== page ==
But, important as that step is, it does not tally with most people’s day-to-day contact with policing. The vast majority of that is conducted with the utmost efficacy and professionalism. But when it is not, complaints of something as simple as basic rudeness can damage an individual’s confidence in policing.
I know PCCs are also concerned about complaints and some of you would like a bigger role in dealing with them. The idea of involving PCCs more in this process has some obvious attractions. It would serve to increase accountability and transparency in the complaints system and, therefore, increase public confidence. That is why the Home Secretary has asked you to work together with Home Office officials to look at this issue. There is obviously much work to do to establish the right model, but giving PCCs a stronger say in the complaints procedure could reinforce the role they must play in sticking up for the people they and their police forces serve.
That role, so inherent in the democratic model we have created, is, of course, at its most important when someone has been a victim of crime. I want to see PCCs become victims’ champions at a local level in every force area. And to do that, I have asked the Victims’ Commissioner to consider how her national role might best be used to share good practice and make sure that any cross-system issues affecting victims that you identify locally are represented to government. This will ensure that the voice of every victim will be heard at the very highest level. I also want to see PCCs copying this collaborative approach at the local level – working with the CPS and all criminal justice representatives in the regions to put victims’ needs right at the heart of the criminal justice system.
These are not just empty words. There is money and statute to back them. As well as budgets for commissioning support services, we are also handing PCCs the bulk of funding for restorative justice provision and relaxing constraints on Police Main Grant to give PCCs a freer hand in providing services for victims.
These developments will help strengthen the identity of PCCs, just as the announcements made by the Home Secretary will strengthen the edifice in which they exist. And this democratic revolution in the provision of local services will only grow as people see its impact. Already we can see developments at a local level moving towards the unification of blue light services. These are exciting moves and we wholeheartedly support them.
Police Innovation Fund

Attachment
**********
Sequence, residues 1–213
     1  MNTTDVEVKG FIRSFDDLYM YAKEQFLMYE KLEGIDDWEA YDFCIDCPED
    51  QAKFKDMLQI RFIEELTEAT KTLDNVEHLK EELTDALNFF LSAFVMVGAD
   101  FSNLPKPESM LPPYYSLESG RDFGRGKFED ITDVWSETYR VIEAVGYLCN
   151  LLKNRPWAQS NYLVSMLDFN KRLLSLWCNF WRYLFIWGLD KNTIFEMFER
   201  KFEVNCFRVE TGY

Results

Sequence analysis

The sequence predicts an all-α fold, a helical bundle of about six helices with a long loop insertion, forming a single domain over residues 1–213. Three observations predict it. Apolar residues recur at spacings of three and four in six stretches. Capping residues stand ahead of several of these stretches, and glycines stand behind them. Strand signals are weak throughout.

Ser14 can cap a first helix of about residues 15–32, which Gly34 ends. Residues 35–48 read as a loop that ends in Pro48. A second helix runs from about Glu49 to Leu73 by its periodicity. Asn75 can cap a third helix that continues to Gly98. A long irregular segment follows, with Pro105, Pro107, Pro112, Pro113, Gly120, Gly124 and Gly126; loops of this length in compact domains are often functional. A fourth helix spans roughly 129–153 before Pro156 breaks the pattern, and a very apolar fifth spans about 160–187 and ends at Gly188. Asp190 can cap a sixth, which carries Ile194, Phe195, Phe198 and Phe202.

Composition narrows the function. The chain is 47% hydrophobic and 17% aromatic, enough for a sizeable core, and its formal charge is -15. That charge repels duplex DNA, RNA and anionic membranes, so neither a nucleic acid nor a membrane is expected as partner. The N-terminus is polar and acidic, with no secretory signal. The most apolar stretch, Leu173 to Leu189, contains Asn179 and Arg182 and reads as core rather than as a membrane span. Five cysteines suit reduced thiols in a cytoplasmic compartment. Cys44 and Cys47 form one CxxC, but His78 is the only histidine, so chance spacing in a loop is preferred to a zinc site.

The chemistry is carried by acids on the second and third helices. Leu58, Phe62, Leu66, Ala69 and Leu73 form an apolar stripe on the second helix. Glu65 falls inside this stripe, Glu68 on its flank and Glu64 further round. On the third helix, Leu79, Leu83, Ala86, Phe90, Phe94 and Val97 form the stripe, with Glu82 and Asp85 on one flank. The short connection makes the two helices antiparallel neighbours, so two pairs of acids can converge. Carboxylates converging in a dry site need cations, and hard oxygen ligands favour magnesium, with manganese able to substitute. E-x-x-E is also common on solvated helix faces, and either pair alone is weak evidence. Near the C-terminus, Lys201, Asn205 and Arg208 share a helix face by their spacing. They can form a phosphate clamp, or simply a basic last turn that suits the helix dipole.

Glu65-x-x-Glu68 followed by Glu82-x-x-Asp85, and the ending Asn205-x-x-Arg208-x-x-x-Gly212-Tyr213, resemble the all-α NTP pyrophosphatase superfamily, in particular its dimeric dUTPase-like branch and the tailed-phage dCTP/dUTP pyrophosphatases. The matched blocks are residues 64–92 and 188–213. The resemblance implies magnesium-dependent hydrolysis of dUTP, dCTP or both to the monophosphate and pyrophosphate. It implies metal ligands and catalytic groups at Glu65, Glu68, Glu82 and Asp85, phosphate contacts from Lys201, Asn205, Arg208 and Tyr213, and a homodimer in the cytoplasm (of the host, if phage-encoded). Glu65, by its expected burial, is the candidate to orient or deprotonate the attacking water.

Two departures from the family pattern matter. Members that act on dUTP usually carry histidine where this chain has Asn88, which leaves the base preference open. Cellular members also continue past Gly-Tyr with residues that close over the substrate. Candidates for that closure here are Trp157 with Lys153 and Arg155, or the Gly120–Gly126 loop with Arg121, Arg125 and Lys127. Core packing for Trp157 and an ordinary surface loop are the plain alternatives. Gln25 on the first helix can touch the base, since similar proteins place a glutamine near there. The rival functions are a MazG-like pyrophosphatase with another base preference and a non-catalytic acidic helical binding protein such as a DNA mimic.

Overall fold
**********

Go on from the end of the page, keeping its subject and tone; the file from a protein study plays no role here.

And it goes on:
I know that many of you have been asking for more details on the Police Innovation Fund. At the Spending Round we announced that the Fund would be established from 2014/15 and would be worth up to £50 million per year.
This Fund will incentivise collaboration, support improved digital working and enable PCCs to invest in a range of other innovative delivery approaches that have the potential to improve policing and deliver further efficiency.
But innovation shouldn’t have to wait, and we know PCCs are keen to access this funding now in order to press ahead with transformation in their forces.
In any case, as a guest at a birthday party it is right to bring a present. So today I am pleased to announce that, ahead of the first full year of the Fund, we will be making £20 million available to PCCs as a precursor Innovation Fund in this financial year. We will be writing out with further details on the bidding process and criteria shortly, and I don’t think I will need to encourage you to consider putting forward bids.
This government’s approach to policing has been radical and forward thinking. But, more importantly, it has been successful. Recorded crime has fallen by more than 10 per cent since we came to power and we have put in place long-term reforms to help the police continue that downward trend. We have stripped away targets and red tape to free police from deskbound jobs; we have installed a powerful new National Crime Agency to take on organised crime; we have installed a College of Policing to professionalise policing and to create a new emphasis on building an evidence base as to what works best in cutting crime; we have modernised outmoded and counter-productive pay and conditions; and we have introduced a newly reinforced ethical framework to ensure police conduct is on an equal footing to cutting crime.
PCCs have a role to play in all these radical reforms, by linking top to bottom and putting the needs of the people at the heart of decision making at all levels. And this will show why our critics were so wrong – there can never be too much democracy. PCCs will go on from strength to strength.